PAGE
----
For the calculations in Figure 3 we’ve had to assume income growth for the year to June 2021, as these data have not yet been released. Here, we generously assume income growth of 5% y/y. As at June 2021 this suggests house prices were running at more than 10.5 times disposable incomes, that’s up from an already elevated 8.3 times in June 2019 (pre-COVID). But the scary thing is even if we assume house price inflation from here to the end of time is zero and that income growth can run at the very solid pace of 5% per annum, it would still take six years for this ratio to return to pre-COVID levels. But 0% house price inflation alongside 5% income growth is an extremely optimistic assumption for the growth gap. Figure 3 shows a mix of different assumptions, and all of them are pretty sobering. Without outright house price falls, it’s a slog.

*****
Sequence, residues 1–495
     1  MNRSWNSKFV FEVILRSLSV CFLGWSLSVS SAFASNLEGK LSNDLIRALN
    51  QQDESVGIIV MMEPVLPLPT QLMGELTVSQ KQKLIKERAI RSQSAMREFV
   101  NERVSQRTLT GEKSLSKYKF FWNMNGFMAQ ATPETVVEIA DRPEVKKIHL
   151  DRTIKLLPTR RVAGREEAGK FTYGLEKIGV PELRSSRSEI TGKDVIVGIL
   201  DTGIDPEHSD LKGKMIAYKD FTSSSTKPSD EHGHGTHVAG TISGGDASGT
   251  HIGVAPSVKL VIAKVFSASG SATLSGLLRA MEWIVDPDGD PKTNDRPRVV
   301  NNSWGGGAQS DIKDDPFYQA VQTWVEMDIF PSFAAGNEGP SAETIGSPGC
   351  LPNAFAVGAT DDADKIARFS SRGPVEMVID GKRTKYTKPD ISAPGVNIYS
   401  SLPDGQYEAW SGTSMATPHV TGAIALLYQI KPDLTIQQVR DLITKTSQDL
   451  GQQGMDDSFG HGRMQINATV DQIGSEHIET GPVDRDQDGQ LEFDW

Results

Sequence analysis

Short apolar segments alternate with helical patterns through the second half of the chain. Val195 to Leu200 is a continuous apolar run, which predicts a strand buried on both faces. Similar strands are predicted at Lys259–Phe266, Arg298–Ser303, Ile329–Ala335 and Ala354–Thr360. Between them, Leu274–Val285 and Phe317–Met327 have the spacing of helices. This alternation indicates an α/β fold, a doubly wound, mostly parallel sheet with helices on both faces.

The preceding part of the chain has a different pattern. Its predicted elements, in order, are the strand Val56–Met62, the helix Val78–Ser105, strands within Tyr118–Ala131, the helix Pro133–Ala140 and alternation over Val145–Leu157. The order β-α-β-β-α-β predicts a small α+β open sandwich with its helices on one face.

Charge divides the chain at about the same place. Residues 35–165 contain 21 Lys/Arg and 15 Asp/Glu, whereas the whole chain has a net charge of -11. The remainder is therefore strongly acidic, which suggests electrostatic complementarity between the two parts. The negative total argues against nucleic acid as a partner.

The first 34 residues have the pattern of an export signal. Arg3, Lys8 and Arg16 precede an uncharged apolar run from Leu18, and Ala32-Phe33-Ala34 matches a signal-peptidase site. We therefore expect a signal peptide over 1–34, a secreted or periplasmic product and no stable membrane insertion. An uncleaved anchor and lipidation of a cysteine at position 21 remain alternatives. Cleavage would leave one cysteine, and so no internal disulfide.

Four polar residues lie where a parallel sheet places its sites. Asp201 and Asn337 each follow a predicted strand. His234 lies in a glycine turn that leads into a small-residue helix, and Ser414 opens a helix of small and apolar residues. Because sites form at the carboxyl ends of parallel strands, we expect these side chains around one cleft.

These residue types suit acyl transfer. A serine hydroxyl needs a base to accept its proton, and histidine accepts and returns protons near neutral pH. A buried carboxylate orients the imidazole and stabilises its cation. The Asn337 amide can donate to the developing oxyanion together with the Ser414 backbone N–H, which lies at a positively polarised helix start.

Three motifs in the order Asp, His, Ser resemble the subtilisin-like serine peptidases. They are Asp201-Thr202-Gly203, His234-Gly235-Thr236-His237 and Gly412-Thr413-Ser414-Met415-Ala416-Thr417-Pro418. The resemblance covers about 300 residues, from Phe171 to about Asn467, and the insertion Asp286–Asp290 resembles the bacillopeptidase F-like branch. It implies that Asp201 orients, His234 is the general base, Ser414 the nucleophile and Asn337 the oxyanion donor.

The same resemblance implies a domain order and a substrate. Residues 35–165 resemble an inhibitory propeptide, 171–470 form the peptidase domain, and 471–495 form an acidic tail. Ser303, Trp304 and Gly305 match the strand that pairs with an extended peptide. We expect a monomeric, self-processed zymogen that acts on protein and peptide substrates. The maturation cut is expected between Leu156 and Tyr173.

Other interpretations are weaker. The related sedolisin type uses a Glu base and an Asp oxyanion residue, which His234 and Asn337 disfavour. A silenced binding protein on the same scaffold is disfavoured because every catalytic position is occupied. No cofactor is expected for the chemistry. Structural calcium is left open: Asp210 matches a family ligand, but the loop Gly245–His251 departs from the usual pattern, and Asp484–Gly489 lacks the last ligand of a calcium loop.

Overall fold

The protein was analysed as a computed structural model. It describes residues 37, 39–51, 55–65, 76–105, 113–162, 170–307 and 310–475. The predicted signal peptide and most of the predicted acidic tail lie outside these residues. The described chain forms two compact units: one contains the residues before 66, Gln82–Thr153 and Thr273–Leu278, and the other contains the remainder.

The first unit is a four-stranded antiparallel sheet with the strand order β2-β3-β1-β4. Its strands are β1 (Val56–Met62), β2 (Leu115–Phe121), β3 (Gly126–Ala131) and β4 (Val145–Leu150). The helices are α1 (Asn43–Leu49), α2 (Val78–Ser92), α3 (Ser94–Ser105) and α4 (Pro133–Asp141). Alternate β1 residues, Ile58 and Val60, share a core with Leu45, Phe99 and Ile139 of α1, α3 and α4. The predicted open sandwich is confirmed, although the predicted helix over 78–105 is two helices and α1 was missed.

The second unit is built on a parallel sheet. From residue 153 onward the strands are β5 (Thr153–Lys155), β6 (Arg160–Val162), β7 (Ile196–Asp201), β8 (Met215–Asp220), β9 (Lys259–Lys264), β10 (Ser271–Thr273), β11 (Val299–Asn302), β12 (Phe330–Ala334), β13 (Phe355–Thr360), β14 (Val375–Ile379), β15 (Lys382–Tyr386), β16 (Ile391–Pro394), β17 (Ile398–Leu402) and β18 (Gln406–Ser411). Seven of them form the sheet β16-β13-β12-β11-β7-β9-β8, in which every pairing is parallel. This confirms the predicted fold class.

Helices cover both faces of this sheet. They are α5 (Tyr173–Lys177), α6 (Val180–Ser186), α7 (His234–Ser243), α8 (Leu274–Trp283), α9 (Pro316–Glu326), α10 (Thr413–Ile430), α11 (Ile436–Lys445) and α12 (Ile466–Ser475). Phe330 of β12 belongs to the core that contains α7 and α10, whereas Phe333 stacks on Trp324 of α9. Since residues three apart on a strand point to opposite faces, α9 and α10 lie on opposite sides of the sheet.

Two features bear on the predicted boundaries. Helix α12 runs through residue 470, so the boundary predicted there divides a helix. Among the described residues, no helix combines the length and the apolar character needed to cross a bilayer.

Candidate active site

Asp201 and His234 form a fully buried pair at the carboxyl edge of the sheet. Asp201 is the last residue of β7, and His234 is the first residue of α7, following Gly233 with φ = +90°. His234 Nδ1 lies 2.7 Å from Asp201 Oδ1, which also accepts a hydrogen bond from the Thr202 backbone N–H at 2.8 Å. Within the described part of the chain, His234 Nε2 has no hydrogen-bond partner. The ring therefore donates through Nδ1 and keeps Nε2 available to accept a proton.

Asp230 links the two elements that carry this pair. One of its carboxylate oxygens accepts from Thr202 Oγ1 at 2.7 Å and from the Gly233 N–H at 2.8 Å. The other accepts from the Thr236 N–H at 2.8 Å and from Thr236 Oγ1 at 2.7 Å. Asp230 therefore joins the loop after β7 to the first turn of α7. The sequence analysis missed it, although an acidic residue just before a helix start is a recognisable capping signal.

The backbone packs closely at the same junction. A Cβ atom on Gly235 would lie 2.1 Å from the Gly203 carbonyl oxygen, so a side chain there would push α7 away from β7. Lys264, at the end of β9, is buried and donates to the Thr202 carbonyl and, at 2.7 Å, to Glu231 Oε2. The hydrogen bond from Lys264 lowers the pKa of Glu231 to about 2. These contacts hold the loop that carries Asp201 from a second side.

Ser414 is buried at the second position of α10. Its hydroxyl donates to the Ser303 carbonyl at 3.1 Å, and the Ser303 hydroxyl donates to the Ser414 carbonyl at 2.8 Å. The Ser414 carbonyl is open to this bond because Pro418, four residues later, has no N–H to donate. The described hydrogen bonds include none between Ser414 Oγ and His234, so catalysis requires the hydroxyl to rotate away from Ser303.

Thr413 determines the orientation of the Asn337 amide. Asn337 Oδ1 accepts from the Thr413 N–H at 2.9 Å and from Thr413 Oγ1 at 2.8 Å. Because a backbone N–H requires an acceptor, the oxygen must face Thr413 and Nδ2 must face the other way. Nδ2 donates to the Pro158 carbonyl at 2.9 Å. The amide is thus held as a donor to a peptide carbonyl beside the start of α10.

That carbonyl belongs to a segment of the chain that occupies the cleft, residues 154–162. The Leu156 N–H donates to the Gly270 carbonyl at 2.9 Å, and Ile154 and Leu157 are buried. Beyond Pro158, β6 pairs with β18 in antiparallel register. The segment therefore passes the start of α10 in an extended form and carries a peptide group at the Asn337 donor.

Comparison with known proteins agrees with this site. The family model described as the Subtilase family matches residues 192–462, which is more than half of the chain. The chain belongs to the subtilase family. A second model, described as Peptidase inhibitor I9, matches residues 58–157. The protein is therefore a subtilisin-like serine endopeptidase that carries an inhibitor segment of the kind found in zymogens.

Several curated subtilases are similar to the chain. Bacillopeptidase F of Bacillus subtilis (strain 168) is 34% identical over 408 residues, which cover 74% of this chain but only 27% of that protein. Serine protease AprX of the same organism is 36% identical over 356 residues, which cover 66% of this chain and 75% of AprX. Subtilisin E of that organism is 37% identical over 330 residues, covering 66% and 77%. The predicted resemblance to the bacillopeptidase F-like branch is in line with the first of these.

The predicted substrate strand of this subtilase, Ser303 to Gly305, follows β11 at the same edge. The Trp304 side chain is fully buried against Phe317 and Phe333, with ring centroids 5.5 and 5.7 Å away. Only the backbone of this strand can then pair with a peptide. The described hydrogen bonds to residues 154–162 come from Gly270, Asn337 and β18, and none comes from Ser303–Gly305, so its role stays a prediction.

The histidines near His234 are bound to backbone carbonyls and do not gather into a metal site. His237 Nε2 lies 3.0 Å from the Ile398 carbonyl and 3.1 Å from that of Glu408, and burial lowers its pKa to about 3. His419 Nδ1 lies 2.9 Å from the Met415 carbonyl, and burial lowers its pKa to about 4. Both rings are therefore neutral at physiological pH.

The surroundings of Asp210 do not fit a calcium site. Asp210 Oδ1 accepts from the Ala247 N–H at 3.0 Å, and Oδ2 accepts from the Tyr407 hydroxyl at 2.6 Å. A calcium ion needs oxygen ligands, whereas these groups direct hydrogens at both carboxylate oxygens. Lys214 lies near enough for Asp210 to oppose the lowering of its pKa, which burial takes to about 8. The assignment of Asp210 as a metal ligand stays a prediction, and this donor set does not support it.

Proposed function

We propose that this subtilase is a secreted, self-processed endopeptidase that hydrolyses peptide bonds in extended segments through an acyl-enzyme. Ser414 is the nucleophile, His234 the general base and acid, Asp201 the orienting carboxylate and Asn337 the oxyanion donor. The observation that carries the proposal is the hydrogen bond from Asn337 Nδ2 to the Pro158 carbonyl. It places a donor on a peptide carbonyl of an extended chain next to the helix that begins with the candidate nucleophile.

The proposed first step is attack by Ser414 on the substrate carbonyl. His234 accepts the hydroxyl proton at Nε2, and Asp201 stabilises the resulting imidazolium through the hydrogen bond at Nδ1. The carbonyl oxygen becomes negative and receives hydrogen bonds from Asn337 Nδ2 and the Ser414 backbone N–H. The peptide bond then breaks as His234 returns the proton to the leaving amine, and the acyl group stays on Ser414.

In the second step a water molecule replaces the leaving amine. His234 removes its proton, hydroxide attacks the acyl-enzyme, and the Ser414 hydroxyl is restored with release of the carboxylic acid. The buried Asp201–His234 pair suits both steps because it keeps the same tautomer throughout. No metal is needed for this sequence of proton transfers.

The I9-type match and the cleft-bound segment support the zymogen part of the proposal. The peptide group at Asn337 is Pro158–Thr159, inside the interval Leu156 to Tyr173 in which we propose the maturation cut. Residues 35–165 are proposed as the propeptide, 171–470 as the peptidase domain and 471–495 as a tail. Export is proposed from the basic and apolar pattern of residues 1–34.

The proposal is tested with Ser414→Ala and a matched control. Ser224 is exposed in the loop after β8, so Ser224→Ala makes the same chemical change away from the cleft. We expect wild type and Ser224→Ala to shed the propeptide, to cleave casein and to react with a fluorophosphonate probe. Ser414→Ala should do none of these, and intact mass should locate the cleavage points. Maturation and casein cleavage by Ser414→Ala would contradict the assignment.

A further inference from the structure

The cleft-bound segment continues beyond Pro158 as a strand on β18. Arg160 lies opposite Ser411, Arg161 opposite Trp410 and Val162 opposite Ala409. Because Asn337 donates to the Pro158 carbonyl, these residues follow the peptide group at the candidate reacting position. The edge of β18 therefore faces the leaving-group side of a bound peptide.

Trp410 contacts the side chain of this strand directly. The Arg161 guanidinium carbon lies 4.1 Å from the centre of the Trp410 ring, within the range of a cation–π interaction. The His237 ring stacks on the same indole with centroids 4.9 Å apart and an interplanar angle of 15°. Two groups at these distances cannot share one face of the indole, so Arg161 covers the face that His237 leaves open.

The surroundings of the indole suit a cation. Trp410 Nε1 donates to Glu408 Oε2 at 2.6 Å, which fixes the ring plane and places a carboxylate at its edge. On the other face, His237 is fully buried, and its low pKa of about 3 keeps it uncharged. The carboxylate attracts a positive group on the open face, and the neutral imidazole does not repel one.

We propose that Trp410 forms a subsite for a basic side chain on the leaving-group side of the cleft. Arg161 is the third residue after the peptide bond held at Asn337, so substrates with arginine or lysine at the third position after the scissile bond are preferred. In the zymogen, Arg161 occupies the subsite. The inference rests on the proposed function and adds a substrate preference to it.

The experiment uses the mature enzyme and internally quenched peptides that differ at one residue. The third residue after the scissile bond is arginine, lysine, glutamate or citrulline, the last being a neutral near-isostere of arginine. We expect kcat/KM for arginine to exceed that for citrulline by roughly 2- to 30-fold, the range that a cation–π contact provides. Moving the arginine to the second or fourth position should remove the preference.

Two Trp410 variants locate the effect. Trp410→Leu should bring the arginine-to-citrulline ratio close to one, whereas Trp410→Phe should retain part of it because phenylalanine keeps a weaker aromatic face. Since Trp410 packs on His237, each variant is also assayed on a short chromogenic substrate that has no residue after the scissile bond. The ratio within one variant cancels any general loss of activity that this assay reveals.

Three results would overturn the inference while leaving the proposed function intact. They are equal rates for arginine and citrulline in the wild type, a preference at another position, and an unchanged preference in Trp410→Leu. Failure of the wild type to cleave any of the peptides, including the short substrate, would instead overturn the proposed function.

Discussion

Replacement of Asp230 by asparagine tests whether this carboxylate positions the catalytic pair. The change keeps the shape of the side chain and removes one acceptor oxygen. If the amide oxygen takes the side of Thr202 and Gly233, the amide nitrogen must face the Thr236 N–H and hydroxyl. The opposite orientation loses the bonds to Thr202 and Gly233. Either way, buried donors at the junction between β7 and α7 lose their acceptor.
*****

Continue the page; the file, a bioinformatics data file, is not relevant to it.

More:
Relative to their 10-year average, all of the above scenarios are “optimistic”. That is, annual growth in disposable incomes has averaged around 4% pa over the past decade, while annual growth in median house prices has averaged around 6%. If we were to put these assumptions into the chart above, the ratio continues to push higher.
However, we just don’t think it’s feasible for growth in house prices to significantly outpace income growth for much longer, as at the end of the day someone has to pay the rent or service the mortgage sitting behind such exorbitant house prices. Further, while the picture
might change, on current forecasts, the multi-decade tailwind of low interest rates (figure 4) is probably finding a bottom.
While interest rates are expected to remain structurally low, we do expect the RBNZ to start lifting the OCR from next month (to a terminal rate of 1.75% by end2022). And with that already getting passed through to mortgage rates, we expect the housing market to slow.